Heartbreak Wisdom Journal – Entry 1: Wounded Heart’s Tender Flesh

Disclaimer: I’ve been working through heartbreak still. It’s a process. Although I’m much better than a couple months ago, I still work through sadness while diligently pursuing a path of compassion and learning. Each day goes by, and each day, I show up and practice a bit more. I recently purchased a book to work through to help me with processing all the challenges and opportunities of a broken heart. It’s called “The Wisdom of a Broken Heart”. The book recommends keeping a “Heartbreak Wisdom Journal” as part of the process, with many included activities to get you to see your situation more clearly and tenderly. I’ve started this journal and thought I would share some of the posts here for anyone else who may benefit from sharing the process of heartbreak.

A book to work and write through…

After starting this yesterday [there was an initial exercise in the book with some basic questions], I had strange dreams in which Lisa told me how little she loved me and for how long that had been the case. It was very upsetting. I think that sitting calmly through my feelings for months and reading many of the same books that inspired Susan Piver’s The Wisdom of a Broken Heart have put me several steps ahead of her initial points. However, I realize now that the feelings continue to drag on because I have not fully walked toward them and invited that pain into my tender heart: fully taking up the warrior’s heart.

These dreams felt like the opening of a wound–the emotional pus oozed out. The tender flesh underneath has much to heal and much to offer.

The point when I knew that The Wisdom of a Broken Heart was perfect for my healing process was when I was reading the introduction and found that the author was inspired in her heartbreak by the same book that touched me and brought some sense back to my shattered world a couple months ago. Furthermore, she quoted a passage from the book that sticks with me more than most any other. I will share it here in greater length than she did:

When you awaken your heart in this way, you find to your surprise, that your heart is empty. You find that you are looking into outer space. What are you, who are you, where is your heart? If you really look, you won’t find anything tangible and solid. Of course, you might find something very solid if you have a grudge against someone or you have fallen possessively in love. But that is not awakened heart. If you search for awakened heart, if you put your hand through your rib cage and feel for it, there is nothing there except for tenderness. You feel sore and soft, and if you open your eyes to the rest of the world, you feel tremendous sadness. This kind of sadness doesn’t come from being mistreated. You don’t feel sad because you feel impoverished. Rather, this experience of sadness is unconditioned. It occurs because your heart is completely exposed. There is no skin or tissue covering it; it is pure raw meat. Even if a tiny mosquito lands on it, you feel so touched. Your experience is raw and tender and so personal.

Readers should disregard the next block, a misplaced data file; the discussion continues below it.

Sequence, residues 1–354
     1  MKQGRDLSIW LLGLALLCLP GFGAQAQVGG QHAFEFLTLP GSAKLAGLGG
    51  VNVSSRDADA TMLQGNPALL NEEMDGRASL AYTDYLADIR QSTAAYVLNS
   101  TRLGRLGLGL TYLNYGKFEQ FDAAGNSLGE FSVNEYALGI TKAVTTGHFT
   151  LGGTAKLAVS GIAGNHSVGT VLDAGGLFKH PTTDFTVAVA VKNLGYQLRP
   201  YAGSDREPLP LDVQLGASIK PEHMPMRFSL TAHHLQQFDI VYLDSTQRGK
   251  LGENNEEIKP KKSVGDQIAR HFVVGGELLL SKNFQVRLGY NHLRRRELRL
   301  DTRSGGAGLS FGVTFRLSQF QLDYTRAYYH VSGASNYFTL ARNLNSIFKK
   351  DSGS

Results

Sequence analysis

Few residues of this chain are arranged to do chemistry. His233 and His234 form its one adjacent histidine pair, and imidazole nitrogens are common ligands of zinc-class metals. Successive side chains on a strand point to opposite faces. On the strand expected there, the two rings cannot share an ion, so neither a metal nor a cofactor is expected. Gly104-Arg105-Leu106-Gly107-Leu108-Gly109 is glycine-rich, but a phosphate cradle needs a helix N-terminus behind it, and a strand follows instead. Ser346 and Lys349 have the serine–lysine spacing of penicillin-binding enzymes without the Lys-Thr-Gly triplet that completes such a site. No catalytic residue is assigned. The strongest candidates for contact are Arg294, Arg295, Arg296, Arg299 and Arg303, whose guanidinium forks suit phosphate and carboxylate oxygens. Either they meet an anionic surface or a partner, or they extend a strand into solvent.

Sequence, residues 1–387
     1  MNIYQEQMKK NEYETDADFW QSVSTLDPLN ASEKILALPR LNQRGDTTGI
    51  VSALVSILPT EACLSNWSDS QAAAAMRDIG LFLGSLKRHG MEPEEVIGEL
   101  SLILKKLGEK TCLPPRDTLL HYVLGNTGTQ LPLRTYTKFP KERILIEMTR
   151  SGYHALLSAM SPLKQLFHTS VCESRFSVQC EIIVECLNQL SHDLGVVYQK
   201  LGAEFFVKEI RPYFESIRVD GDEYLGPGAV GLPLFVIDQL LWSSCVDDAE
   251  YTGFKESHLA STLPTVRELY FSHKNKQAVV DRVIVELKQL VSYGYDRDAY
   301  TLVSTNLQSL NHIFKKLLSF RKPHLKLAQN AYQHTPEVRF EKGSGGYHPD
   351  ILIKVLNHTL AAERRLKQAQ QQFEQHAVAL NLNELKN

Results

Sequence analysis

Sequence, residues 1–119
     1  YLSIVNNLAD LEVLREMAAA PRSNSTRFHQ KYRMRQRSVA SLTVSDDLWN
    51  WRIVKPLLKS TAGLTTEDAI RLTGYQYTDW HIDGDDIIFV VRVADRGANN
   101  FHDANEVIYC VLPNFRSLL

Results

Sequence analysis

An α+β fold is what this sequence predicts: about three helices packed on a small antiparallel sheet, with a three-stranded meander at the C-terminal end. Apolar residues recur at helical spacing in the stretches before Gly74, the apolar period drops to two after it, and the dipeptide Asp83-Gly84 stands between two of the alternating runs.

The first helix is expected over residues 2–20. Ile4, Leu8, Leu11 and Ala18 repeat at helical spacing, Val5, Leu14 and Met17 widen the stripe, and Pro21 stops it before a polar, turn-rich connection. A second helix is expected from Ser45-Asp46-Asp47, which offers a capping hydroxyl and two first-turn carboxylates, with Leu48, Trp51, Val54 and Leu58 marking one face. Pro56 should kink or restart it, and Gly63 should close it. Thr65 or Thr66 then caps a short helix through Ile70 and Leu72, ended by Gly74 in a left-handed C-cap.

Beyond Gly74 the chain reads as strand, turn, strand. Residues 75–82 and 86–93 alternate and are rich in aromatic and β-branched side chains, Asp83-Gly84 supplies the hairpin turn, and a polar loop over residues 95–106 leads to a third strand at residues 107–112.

The genuine heart of sadness comes from feeling that your nonexistent heart is full. You would like to spill your heart’s blood and give your heart to others. For the warrior, this experience of sad and tender heart is what gives birth to fearlessness. Conventionally, being fearless means that you are not afraid or that if someone hits you, you will hit him back. However, we are not talking about that street-fighter level of fearlessness. Real fearlessness is the product of tenderness. It comes from letting the world tickle your heart. You are willing to open up, without resistance or shyness, and face the world. You are willing to share your heart with others. –Chögyam Trungpa Shambhala: The Sacred Path of the Warrior, pp. 31-32

Warriors Rejoice at the Great Eastern Sun!

Months ago, I wrote a poem about a scab over my heart. This was right before I had my heart broken completely. Maybe it’s time to pick at that scab and reveal the tender flesh beneath… Then again, I think I have already started doing just that.

Next Heartbreak Wisdom Journal Entry: Entry 2: Gentleness Toward Your Experience


6 Comments (+add yours?)

  1. Beauty and Dreams
    Feb 11, 2015 @ 05:19:49

    Sounds like a great read! I read an excerpt of this once and actually blogged about it. If you like this you might like Pema Chodron’s “The Places That Scare You”.



    • zeuslyone
      Feb 11, 2015 @ 06:36:21

      Thanks! It’s good so far. I’m glad you’re following and commenting. I love the feedback, and I think we have similar taste! I have read two of Pema’s books – “When Things Fall Apart” & “Living Beautifully”. I also have her book on Shantideva’s Way of the Bodhisattva. Is “The Places That Scare You” as good as these others?



  2. Trackback: Heartbreak Wisdom Journal – Entry 2: Gentleness Toward Your Experience | On the Way

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